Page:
3 Things you should know before getting a puppy

by Justine Williams, Founder of Our Family Dog Project

Every year, thousands of people in the UK get a puppy – which is not surprising given the many great reasons there are for sharing your life with a dog. However, what is often not realised is just how much of a major life adjustment having a puppy can be. Justine Williams shares three things you should know if you are thinking of getting a dog. 

Dogs need company

New puppy parents soon discover that their pup doesn’t want to leave their side. Even a trip to the toilet is unlikely to be a solo experience in the early weeks, and popping out to the shops requires some serious planning.  

The reason for this is that dogs are social animals and they need company. This means that, if you work or spend a lot of time away from the home and are thinking of getting a puppy, their need for company needs to be carefully thought through. 

The good news is that there are plenty of options available for working dog owners in the form of doggy day care, dog sitters and dog walkers that you can use once your puppy has been fully vaccinated – at around 12 weeks of age. In the early weeks, however, you may need to ask friends and family to help out with puppy sitting so that your puppy isn’t left alone – you will probably have lots of willing volunteers!

You may have heard of separation anxiety. This occurs in dogs who become anxious when left alone.  Dogs with separation anxiety can be destructive in the house, go to the toilet and howl and bark when left alone. It often results from dogs being left alone too soon and for long periods of time. The advice from dog welfare experts is that adult dogs can be left for up to four hours, but to build up to this time gradually. This will require lots of time and patience from you and plenty of praise and treats for your dog to help them learn to be left alone in a positive way.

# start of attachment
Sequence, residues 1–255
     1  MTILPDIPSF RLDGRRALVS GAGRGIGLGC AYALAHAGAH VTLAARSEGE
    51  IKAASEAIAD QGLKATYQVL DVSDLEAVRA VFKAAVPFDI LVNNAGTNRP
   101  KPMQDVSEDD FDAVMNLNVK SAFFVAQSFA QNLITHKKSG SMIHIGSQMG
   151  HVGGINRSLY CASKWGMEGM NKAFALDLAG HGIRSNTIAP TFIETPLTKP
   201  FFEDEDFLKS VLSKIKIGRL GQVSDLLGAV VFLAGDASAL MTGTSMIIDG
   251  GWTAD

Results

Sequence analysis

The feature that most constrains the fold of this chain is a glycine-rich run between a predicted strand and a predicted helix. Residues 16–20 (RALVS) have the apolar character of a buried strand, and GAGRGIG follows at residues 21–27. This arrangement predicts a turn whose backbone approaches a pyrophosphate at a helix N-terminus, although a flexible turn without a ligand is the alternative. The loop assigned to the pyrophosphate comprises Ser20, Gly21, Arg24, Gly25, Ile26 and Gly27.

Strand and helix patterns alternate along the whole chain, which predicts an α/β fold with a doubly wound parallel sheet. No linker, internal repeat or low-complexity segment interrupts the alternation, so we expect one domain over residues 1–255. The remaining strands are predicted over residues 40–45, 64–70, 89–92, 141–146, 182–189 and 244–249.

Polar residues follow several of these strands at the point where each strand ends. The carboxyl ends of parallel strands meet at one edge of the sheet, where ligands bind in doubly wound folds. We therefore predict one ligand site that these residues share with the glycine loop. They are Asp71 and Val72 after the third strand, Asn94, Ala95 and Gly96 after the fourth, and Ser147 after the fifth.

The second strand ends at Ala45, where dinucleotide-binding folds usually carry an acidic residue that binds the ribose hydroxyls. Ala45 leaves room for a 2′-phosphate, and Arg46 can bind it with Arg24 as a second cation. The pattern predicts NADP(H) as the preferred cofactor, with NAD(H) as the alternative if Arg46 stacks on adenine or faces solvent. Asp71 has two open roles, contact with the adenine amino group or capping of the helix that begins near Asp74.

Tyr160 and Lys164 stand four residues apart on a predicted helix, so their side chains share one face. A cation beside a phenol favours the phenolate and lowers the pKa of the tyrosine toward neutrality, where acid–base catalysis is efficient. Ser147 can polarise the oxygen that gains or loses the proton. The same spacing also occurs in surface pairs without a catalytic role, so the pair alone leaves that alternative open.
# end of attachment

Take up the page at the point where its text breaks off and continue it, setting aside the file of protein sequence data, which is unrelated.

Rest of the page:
In the first year however the advice is to not leave a puppy alone for very long at all. The more time you can spend helping your puppy to feel happy and secure, the less likely they are to develop separation related problems. Read this helpful advice from the RSPCA about training dogs to be left alone

Puppies don’t sleep through the night

Many new puppy owners are surprised to learn that puppies don’t sleep through the night. There are two reasons for this. First, puppies are just like babies. They need to learn to sleep through the night; and it takes time to establish a night time routine. Second, puppies have very small bladders and need to pee – and poo – often, including during the night. This means that for the first few weeks you will need to set your alarm a few times during the night to take your puppy out. 

You may have come across varying advice about whether to comfort or let a puppy cry at night.  The expert view from dog welfarists is that comfort is the best solution. Many new puppy owners find it helpful to let their puppy sleep in their bedroom with them in the early weeks, or you can set up a bed downstairs just until your puppy is feeling more secure and they are dry at night. 

The bottom line is that you should expect a few weeks of broken sleep with a new puppy – and lie-ins will become a thing of the past. Your alarm clock may now come in the form of a wet nose and wagging tail to wake you up. 

Toilet training takes time

Everyone knows that you need to toilet train a puppy. But what some people aren’t prepared for is how long it can take. Despite what you may have read online, you can’t toilet train a puppy in 7 days. The rule of thumb is that by the time puppies are six months old they should be house trained with no accidents in the house day or night. That said, it’s not uncommon for puppies to regress with their toilet training. Just when you think you’ve cracked it, you’ll find yourself standing on a wet patch on the carpet or discover a surprise poo. 

You can help your puppy with their toilet training by: 

  • learning to spot the signs that they need to go, e.g. sniffing, circling and crouching
  • having a consistent routine, e.g. taking them outside as soon as they wake up, have had something to eat, following playtime and last thing at night
  • using praise and reward when they go to the toilet outside

If your dog has an accident, don’t punish them or rub their nose in it.  They won’t understand what they have done wrong. Instead, clean it up and give them praise when they go in the right place outside. Read these great toilet training tips from other dog owners. 

In summary, if you’ve set your heart on getting a puppy, be prepared to take the ‘ruff’ with the smooth. And that means lots of hard work and sleepless nights before you can reap the wonderful rewards of life with a dog. 

Justine Williams is the founder of Our Family Dog, a social enterprise providing advice and support to new dog owners in the UK. 

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